While the second option may seem more appealing, it’s essential to consider the implications of bringing in another partner, including sharing profits and decision-making responsibilities. On the other hand, if you choose to close the proprietorship, you will need to settle all outstanding debts, pay off any liabilities and distribute any remaining profits before starting the new LLP.
Ultimately, the decision of which option to choose depends on the individual circumstances of the business owner and their long-term goals.
Requirements for Designated Partner Identification Number (DPIN)
In for a person to become a designated partner in a Limited Liability Partnership (LLP) in India, they are required to obtain a Designated Partner Identification Number (DPIN). This registration is mandatory and can only be obtained by a natural person, not artificial legal entities like companies or LLPs. To obtain DPIN, the applicant must submit proof of identity, such as a PAN card for Indian Nationals or a passport for Foreign Nationals, along with proof of address, attested by a Gazetted Officer, Notary Public, or Chartered Accountant. It is also necessary to submit a passport-sized photograph and a soft copy of the PAN card. Applicants must also obtain a Class 2 digital signature and fill out an electronic form, Form DIR-3. Once the form and necessary documents are uploaded on the MCA website, the applicant is required to make an electronic payment. The DPIN will then be allotted to the applicant. DPIN is essential for verifying the legal validity of a designated partner.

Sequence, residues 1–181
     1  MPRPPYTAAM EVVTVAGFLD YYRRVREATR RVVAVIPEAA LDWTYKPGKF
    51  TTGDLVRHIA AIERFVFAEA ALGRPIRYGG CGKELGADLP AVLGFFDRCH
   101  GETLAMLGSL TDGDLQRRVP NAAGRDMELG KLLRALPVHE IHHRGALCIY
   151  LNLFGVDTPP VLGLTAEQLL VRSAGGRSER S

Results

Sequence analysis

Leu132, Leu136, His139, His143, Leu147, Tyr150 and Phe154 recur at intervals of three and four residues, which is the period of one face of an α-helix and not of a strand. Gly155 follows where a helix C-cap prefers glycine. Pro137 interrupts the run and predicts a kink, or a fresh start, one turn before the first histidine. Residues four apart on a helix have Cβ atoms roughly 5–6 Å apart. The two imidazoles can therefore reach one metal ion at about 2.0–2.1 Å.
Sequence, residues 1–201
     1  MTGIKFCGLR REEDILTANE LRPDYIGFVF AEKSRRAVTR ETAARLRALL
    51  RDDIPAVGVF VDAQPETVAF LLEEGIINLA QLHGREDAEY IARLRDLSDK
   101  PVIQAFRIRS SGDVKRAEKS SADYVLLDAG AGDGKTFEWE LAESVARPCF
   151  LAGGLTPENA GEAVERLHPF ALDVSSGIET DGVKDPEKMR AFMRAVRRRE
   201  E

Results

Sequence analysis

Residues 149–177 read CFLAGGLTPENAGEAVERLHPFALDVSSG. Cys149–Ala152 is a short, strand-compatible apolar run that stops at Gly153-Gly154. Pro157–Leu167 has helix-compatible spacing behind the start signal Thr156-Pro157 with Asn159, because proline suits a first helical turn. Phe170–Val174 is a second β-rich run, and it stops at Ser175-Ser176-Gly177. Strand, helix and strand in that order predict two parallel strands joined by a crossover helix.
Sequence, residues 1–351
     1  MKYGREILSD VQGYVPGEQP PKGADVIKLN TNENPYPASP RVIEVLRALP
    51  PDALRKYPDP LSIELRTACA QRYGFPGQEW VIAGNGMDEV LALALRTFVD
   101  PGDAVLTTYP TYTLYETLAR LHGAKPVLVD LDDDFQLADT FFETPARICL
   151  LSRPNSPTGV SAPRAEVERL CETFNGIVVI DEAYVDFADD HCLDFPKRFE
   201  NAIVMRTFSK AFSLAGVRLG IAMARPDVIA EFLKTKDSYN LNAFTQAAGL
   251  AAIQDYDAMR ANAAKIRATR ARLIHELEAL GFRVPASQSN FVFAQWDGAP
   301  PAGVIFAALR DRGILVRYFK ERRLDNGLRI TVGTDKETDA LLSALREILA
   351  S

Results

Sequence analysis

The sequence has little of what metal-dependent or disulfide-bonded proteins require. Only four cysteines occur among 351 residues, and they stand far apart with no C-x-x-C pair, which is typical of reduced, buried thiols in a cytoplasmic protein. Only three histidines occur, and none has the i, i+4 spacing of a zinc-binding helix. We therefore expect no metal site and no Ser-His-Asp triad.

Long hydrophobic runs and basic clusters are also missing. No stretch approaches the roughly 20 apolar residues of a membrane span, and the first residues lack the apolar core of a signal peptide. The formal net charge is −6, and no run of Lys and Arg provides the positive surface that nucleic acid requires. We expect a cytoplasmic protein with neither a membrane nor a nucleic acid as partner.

III. Documents Required
For Designated Partner Identification Number (DPIN) requirement during the conversion of a proprietorship firm to an LLP, a passport-sized photograph is needed along with other documents. This photograph should be clear, and the face of the person should be visible without any disturbance. Along with the photograph, scanned copies of the relevant identification and address proof are also required, along with a soft copy of the PAN card. If a non-resident Indian is involved, they should submit a notarized copy of the passport and address proof from the Indian embassy or foreign public notary or company secretary in full-time employment.
Having a clear passport-sized photograph is essential, as it helps in identity verification and should be submitted with all the correct documents. The photograph must be recent, as an outdated photograph may cause issues in verification. Therefore, one must take care to submit a clear and precise passport-sized photograph along with the required documents during the conversion of a proprietorship firm to an LLP.
Scanned copy of relevant identification and address proof